To answer your first question, I definitely needed to write these poems, especially the ones I wrote after my father died—”After Reading Reports from a Wildfire…” and “The Mad Child-King Is Remembered” feel particularly necessary—but I needed the others, too.
You’ve got me thinking now about why I can sit here and say, with so much certainty, that I needed these poems. Of course, I didn’t want to feel the resentment, and guilt, and dread, and sorrow that I felt so strongly during the last few years of my father’s life and even more intensely during the year after he died. Writing was an attempt to transmute these feelings into something else; however, I don’t think that’s the function of poetry, really. I don’t think poems are mechanisms for turning uncomfortable feelings into comfortable ones.
I had another option. To escape the emotional discomfort, other than writing these poems, I could have done my best to avoid those feelings; I could’ve stopped feeling at all and just gone to sleep. Dissociation, intellectualization, repression, these things have always been my instinctive responses to psychological pain. Poetry is necessary for me because writing (and reading) it enables me to stay awake inside.
Your second question asks whether I believe this is a story that I needed to tell. That question is much more difficult for me to answer, maybe because it’s ultimately not for me to say. I think editors and readers answer that one. While I write a poem, I don’t really think about whether it’s something that other people need. That’s not because I don’t care about readers. More than anything, I want my published work to help people live more compassionate lives, both inter- and intra-personally. But, while composing, I’m mostly trying to create something I need that doesn’t (to my knowledge) already exist.
I figure I’m not that unique. A lot of people have had similar experiences and have a similar need for poetry. So, I trust that if I write something that feels useful and novel to me, then other people will feel the same way, and I really want that to be true about this collection.
M: The “eye for a poem,” and the ability to bind mundane and seemingly unrelated images together that is so reminiscent of Laux’s work can easily be felt in poems like “What I Can Do” “To Myself at Balboa Park” and “After Reading Reports on the California Wildfires, Six Weeks Before My Father’s Overdose.” There is a lot of repetitive imagery in this collection (your father’s hands, shop grease, chewing tobacco, sports talk, et al.) that Laux has been known to do in her collections to bind them together and bring almost a sense of surreal or magical realism to her work. Reading this collection of poems, the experience contained within the pages feels almost surreal. Again, not to invoke a fallacy . . . But was this intentional on your part, or just an incidental byproduct of your (explorative) writing process?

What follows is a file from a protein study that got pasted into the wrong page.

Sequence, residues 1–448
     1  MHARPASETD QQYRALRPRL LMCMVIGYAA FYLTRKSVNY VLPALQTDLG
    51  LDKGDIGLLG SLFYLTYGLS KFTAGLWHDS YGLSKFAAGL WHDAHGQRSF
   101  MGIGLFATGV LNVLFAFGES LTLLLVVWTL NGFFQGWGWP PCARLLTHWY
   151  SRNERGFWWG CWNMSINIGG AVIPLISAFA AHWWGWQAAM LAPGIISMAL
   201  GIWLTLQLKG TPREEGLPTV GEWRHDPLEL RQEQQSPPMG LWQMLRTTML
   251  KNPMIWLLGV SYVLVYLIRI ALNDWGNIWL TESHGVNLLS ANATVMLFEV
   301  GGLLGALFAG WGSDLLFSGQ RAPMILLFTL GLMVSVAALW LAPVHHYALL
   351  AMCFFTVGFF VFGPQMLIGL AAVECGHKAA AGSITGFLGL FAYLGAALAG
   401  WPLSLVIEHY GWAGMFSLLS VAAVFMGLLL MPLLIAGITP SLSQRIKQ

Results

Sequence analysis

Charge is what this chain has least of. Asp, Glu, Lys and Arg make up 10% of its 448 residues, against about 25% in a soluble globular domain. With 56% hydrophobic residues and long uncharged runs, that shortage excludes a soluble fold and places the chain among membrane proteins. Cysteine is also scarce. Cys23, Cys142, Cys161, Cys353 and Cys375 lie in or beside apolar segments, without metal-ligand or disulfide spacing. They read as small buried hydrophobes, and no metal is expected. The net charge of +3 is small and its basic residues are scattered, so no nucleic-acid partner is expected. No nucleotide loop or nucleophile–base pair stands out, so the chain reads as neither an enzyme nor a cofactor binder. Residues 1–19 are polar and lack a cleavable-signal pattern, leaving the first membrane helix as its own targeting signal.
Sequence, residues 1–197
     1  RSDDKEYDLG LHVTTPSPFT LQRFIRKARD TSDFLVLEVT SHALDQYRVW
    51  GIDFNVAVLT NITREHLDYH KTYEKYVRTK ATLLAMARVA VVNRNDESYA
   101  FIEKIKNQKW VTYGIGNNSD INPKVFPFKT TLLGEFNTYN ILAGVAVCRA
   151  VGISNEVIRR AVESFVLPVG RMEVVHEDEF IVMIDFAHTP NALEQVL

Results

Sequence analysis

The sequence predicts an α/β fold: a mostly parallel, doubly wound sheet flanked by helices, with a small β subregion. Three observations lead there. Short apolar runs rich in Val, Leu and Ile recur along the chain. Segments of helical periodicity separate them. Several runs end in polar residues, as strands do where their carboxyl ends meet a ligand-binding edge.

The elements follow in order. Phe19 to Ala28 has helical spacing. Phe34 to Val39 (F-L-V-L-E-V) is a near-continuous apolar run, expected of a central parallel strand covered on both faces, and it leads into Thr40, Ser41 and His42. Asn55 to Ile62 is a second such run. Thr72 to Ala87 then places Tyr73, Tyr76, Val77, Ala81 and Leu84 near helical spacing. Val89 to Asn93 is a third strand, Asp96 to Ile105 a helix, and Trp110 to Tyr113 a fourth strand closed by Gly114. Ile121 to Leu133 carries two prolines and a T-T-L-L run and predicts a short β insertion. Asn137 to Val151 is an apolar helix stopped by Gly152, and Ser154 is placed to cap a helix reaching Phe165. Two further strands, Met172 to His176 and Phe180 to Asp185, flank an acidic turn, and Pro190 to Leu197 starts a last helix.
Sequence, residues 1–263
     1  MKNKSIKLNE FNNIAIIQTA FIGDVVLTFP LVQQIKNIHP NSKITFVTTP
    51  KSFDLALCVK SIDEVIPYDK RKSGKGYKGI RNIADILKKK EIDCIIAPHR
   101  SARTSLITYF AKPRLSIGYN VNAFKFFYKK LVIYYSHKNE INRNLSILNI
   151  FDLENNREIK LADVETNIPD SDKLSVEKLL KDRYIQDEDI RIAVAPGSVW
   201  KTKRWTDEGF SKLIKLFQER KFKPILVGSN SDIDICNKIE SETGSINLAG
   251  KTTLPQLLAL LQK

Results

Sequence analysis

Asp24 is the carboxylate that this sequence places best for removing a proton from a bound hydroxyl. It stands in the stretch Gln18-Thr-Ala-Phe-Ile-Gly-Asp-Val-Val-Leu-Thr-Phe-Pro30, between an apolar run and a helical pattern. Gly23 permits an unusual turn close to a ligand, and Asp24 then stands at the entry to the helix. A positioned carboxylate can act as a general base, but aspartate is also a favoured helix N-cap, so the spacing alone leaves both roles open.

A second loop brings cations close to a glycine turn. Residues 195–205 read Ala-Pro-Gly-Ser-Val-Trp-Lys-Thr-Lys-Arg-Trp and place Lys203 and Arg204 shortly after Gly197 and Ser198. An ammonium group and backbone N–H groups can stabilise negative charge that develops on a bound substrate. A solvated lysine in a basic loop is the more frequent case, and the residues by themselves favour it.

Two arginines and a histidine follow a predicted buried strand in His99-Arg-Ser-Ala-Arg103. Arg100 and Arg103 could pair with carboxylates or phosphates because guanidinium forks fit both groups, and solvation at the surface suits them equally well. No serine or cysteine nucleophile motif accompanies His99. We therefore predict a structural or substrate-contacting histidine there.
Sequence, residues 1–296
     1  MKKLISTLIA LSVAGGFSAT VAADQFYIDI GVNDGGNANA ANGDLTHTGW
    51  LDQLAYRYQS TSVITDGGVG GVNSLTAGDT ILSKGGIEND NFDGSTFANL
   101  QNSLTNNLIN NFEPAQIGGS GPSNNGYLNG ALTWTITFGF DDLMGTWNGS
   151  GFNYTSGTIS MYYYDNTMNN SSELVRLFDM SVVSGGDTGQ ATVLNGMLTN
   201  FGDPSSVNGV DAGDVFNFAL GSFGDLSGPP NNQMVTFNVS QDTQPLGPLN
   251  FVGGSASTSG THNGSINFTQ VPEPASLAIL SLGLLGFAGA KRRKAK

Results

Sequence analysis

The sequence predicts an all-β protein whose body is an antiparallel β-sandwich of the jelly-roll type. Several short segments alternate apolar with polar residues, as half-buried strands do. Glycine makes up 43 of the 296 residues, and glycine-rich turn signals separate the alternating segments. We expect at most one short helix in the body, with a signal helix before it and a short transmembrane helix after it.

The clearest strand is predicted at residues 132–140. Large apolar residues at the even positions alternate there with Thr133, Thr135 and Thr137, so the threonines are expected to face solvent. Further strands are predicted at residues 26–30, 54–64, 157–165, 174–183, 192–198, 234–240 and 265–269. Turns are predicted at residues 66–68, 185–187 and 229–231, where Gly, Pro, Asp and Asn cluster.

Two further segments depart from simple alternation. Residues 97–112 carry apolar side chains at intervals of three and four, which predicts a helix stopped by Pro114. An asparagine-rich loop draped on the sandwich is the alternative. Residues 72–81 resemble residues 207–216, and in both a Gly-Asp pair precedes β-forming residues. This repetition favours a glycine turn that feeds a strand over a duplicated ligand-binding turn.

E: This is a fantastic question. I guess I can claim that the repetitive imagery is an intentional attempt to construct a clear and consistent aesthetic landscape. I’ve always admired the way poets like Philip Levine and Dorianne Laux ground their poems in such vivid places. They construct scenes that feel real, and of course, they do that by drawing the reader’s eye to small, concrete details. Then, once you magnify something like a hand or—I’m thinking, in Laux’s work, of the dead roses in a jam jar at the end of the poem “Bird” or the eyes at the end of “Two Pictures of My Sister”—once you magnify something like that, yeah, it takes on a symbolic quality, which means it becomes a doorway to a metaphysical space.
That might be the magical realism that you’re talking about. I’ve never thought about it exactly that way, but I do like that. I’ve just always tried to communicate with images because they’re more reliable and more substantial than words. I’m just trying to be honest and accurate. So, I guess you could say that any surrealism or magical realism that I produce by focusing on certain imagistic details is also the byproduct of my explorative writing process. I’m just using images (much like Levis does) to create mobility. I’m always in pursuit of an emotional awakening. If I have an emotional response to an image in my memory—like the buzzing of a cicada on a palo verde tree or my father digging grease from underneath his fingernails—I go in that direction, trusting that I’ll find something meaningful there—and I also trust that (with the help of metaphor and association) I can use that image to create a waking experience.